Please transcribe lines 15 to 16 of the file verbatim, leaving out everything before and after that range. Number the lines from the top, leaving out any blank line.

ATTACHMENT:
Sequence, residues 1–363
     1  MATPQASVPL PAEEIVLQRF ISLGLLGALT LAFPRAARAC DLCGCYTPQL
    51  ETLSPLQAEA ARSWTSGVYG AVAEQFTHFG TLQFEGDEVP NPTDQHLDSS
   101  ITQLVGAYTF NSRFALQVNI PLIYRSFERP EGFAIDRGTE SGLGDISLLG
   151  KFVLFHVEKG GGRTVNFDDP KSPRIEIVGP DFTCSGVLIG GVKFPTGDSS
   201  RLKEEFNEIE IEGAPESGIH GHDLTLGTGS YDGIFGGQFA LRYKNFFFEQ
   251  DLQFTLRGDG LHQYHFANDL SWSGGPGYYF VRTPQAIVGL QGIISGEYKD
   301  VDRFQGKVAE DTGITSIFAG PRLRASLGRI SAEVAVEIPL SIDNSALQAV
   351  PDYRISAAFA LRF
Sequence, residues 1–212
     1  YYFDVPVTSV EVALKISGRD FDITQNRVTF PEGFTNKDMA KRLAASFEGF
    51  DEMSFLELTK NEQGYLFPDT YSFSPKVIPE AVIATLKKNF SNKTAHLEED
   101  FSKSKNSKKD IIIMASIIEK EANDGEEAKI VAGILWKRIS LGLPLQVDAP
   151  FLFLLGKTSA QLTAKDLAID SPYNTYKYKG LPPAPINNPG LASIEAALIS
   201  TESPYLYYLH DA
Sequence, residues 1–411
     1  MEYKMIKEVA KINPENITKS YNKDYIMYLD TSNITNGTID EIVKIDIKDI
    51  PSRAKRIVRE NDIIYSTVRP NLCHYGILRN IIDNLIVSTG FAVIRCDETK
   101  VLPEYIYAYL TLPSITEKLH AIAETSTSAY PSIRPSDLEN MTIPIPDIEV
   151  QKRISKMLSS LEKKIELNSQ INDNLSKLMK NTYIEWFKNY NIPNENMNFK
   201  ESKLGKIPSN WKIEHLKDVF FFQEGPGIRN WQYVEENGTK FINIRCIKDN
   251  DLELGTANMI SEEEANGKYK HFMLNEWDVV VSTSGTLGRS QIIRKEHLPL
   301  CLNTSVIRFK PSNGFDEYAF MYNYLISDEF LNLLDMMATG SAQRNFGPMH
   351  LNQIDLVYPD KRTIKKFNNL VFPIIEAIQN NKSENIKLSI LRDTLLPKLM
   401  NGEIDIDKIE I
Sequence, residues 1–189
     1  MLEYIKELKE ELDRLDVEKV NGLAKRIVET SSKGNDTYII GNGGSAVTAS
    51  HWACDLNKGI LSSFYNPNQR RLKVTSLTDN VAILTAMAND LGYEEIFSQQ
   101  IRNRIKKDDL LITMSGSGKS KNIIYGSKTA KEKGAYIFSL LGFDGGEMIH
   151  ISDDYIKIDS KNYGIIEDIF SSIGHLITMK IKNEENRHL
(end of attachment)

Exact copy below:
   201  TESPYLYYLH DA
Sequence, residues 1–411